This work appears in Anarchy Archives with permission of International Publishers Co. 239 W 23rd Street - New York, NY and located on the web at: http://www.intpubnyc.com/
Labor agitator: The story of Albert R. Parsons
New York, International publishers, 1937.
CHAPTER IX. "THE BALLOT THE MISSILE"
SCIENCE THE ARSENAL, REASON THE WEAPON, THE BALLOT THE MISSILE.
Under this flamboyant slogan, which was now the guiding principle of their party, the Socialists moved from one success at the polls to another. The slogan was probably the creation of John McIntosh, labor bard, who now edited the party newspaper. Besides contributing a topical poem to almost every issue of the National Socialist, he often embroidered the aims of the party in ornate prose.
"We desire to inflict upon men a Promethean agony," he declared, in an editorial note, "chaining them to a sense of misery, feeling the vulture of harrowing, harassing discontent forever preying upon their peace. We want them to be victims of a fierce, gnawing, intolerable conviction of a personal injury -- a withering sense of infernal outrage, so utterly absorbing as to stop up all avenues to enjoyment cultivating a thirsting, savage longing for relief -- but, remember, through the ballot box. No murder, no arson, no violence of any kind; unless insisted on by combining bosses -- then up and at it like a whirlwind."
Parsons' trade union work tended to draw him away from the National Socialist. The paper was edited from Cincinnati under the supervision of Van Fatten, who now lived there and who had steered the Socialists in their present political direction. The unionists in the party favored the Labor Standard, and there was a feud between the two papers. Because he was immersed in trade union organization, Parsons found the Labor Standard more receptive to his interests; he acted as reporter for it and even became its Chicago agent. He also began to develop differences with the National Socialist, and was denounced in its pages.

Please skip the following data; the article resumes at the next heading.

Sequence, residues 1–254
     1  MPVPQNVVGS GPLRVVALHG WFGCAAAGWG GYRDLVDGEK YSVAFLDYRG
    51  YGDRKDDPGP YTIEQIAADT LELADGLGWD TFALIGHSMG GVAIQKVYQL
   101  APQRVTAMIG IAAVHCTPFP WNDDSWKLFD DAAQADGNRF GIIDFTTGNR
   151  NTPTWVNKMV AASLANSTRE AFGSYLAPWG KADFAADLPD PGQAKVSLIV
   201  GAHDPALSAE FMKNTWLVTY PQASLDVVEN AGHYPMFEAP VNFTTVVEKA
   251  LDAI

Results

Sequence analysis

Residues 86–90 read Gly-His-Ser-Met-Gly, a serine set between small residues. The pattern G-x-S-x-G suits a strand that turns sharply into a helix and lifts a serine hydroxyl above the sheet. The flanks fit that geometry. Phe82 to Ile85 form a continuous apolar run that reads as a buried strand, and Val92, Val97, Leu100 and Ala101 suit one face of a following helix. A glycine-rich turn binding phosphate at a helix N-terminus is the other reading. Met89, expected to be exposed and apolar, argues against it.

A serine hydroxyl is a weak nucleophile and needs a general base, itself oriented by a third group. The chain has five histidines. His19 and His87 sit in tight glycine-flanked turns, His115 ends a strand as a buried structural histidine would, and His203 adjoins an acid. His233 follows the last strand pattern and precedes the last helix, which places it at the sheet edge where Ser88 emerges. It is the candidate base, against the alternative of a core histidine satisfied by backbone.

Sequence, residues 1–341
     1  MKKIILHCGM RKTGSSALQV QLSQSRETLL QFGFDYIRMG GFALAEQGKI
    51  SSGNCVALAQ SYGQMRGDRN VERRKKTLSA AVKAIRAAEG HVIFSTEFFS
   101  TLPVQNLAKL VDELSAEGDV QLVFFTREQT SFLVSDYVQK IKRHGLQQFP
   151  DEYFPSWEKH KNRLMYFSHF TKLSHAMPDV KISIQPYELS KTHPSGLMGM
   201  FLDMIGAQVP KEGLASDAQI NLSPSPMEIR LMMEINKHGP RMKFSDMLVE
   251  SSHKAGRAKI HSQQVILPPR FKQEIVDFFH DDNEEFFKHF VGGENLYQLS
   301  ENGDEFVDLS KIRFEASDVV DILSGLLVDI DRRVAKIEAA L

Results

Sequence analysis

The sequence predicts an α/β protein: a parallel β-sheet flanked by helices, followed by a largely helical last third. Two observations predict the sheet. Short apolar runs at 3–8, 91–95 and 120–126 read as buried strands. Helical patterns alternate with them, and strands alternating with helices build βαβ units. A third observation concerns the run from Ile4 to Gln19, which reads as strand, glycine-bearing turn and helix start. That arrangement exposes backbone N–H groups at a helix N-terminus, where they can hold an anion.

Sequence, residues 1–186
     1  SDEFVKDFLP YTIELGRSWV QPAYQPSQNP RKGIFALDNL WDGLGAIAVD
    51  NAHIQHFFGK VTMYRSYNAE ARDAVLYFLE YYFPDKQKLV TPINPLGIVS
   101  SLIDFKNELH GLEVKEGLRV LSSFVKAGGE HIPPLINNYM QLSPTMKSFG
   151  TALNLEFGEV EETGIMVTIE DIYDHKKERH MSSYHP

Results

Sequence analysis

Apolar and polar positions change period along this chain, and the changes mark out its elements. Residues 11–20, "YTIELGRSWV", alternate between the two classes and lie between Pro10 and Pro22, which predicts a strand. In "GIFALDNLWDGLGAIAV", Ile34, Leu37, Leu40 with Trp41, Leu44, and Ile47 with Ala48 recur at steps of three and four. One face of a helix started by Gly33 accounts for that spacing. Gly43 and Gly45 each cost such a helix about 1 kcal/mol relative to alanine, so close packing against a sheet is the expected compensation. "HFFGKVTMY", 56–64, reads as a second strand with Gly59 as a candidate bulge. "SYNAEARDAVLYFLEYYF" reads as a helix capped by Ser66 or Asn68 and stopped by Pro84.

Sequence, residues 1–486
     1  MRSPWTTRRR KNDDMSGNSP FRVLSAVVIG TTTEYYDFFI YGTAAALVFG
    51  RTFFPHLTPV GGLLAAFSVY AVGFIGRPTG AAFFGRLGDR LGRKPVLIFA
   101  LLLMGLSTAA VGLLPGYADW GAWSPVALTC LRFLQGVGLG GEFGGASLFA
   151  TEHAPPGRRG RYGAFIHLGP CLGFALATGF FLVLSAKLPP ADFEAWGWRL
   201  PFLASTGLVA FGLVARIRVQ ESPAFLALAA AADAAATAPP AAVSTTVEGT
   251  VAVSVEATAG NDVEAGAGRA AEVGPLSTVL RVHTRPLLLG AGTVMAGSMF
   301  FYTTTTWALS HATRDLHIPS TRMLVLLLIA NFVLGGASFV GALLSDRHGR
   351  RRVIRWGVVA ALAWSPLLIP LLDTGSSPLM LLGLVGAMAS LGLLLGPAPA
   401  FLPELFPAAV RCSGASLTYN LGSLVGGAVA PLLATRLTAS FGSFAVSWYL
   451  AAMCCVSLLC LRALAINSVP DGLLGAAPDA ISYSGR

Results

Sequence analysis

However, the National Socialist was running into financial trouble; factional struggles had almost completely destroyed the Cincinnati section of the Socialistic Labor party and the newspaper could get no local support. Meanwhile, the Chicago section was proceeding with plans for an English paper of its own. In view of these circumstances, Van Fatten made several trips to Chicago and, after threshing the whole matter out with Morgan, Parsons and others, he patched up the split and effected a plan whereby the new local paper, to be called the Socialist, would become the national English organ of the party. Parsons was appointed assistant editor.
In preparation for the coming state elections, the new paper was launched early in the fall of '78. September and October were busy months for the Chicagoans. Their campaign apparatus had been improved a great deal. They held a convention late in September and nominated a complete state ticket.
One of the high spots of the campaign was their election rally songs, composed by their "untamed troubadour," W. B. Creech. He had a new tune for almost every occasion. At large meetings the crowd would usually listen to the pyrotechnics of John McAuliffe, who was running for Congress. "Let us yank, and thunder, and roar, and storm, and charge, at the ballot box," he would declaim, "and having thus peaceably, yet boldly, won the victory, we will enjoy it, or know the reason why....Fellow workers," he would end, "be true to yourselves, desert the enemy, and the morn following election, Labor's sun will rise radiant with glory!" Then the crowd would yell for Creech; he would step sprily to the platform and in his strong, clear voice, sing: